This is the second in a series of conversations with BUILD awardees in celebration of National Public Health Week. You can read the first here

Public health departments are a cornerstone of well-being in our nation. They play a vital role in the community-driven, multi-sector partnerships that are central to our mission at The BUILD Health Challenge® to achieve just health outcomes for all. In celebration of National Public Health Week this week, we would like to highlight the important work that public health agencies have done, and continue to do, as an integral part of their BUILD community, as well as the people behind that work.

Patrick Cusick, RS, MSPH is the interim Commissioner of the Environment at the Cleveland Department of Public Health. His collaborative focused on addressing unsafe housing and housing-related health outcomes for highly vulnerable populations in Cleveland, OH during the first and second BUILD cohorts.

What was your role within your BUILD collaborative? Why did you and your health department decide to get involved in the BUILD project in your community?

My role was to be the local public health agency partner in the initial project. Our department decided that this project was an opportunity to look at ways to bring together existing data in various city departments to guide and assist the public in identifying healthier housing options. In addition, the initial project included assessing modest interventions in housing to reduce admissions due to asthma exacerbations in children due to unhealthy housing conditions. Existing programs had separate information silos related to building violations, lead paint issues, and similar data that could assist people trying to find out if a house or apartment they wanted to rent or buy was safer than another. The initial project was focused on combining violation histories for housing units to include building violations, health code violations, and other available information into a public portal. The repair intervention portion was a pilot project focused on identifying housing units where children with asthma lived, and examine if limited repair interventions (~$1200.00) targeting asthma triggers (mold, dust from chipping paint and other sources, etc.) could reduce hospitalizations. As the public health agency, our role in shaping policies and processes that focused on improved health outcomes was central to leveraging existing programs and partners to align efforts, data systems, and processes to target health outcomes.

Building on the last year, which included a racial justice movement, a global pandemic, and a growing economic divide, how do you think public health will be impacted going forward? What do you see your role, and the role of the local public health department, being in this change?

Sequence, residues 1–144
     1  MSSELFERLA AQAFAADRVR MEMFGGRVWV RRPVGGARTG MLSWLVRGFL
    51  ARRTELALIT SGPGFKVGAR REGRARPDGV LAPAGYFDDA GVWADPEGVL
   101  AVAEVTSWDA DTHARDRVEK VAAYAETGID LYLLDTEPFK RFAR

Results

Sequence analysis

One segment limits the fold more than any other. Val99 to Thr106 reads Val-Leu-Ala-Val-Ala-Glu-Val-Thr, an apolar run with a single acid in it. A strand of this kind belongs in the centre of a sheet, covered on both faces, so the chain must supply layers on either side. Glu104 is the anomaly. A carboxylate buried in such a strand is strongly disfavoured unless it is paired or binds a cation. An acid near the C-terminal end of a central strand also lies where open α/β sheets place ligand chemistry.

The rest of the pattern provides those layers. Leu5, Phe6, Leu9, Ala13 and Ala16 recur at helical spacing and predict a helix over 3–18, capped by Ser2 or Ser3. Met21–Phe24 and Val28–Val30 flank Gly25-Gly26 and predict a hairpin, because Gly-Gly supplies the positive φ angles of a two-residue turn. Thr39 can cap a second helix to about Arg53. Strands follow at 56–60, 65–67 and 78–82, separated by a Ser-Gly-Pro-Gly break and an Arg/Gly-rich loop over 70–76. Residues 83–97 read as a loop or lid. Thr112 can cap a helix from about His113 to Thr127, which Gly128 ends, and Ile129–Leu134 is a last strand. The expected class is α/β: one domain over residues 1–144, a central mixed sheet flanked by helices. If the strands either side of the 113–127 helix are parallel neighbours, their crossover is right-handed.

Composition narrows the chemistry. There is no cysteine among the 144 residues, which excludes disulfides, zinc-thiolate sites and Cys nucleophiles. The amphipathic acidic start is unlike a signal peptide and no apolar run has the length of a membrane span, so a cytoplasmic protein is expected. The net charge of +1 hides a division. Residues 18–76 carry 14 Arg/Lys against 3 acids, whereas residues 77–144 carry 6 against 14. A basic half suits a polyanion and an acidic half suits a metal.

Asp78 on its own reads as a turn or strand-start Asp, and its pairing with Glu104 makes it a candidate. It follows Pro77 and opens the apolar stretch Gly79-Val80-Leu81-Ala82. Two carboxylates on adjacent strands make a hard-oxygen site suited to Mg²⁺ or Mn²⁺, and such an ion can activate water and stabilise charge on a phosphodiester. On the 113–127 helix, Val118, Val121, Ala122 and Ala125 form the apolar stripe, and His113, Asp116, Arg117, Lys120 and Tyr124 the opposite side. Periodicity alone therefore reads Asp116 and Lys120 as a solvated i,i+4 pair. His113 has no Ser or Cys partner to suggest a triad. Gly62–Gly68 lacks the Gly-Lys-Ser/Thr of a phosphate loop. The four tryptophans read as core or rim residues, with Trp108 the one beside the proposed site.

I have been highly aware of the broadened awareness of the terms “health equity” and increasing focus on racial and economic justice in media reporting and public discussion due to the impacts of COVID-19 on the entire population. I am hoping we, as public health professionals, can build on the momentum of positive public health recognition to leverage changes in policies and programs that directly target the social determinants of health and inclusion of the “Health in All Policies” lens as we look at fixing systems going forward.

It is incumbent on local public health and local governments to advocate and ensure any funding or program adjustments build on this moment to synergize efforts across agencies – to intentionally build healthier systems, programs and communities.

What is one thing you wish people knew about the work you do?

Public health is too broad to crystallize into one thing! I wish people were aware of the tremendous number of committed individuals who throw themselves into public health services and programs across the country at substantially lower wages than their skills would command in the broader economic realm, and that most do it out of a sense of serving their fellow citizens and communities. Public health is a broad collection of various fields and programs which (until a pandemic or disaster hits) is largely unrecognized. We all are impacted by successful public health campaigns that have now become woven into the fabric of our daily lives, to the point they are often taken for granted: clean drinking water, wastewater removal, safe food and medicines, seatbelts, no smoking in public space and offices, accident prevention, lead poisoning prevention, disease surveillance, immunizations, food security, environmental justice, and so many other key programs.



Adam Britton is an intern with the BUILD Health Challenge. He will graduate from the University of Maryland in May 2021.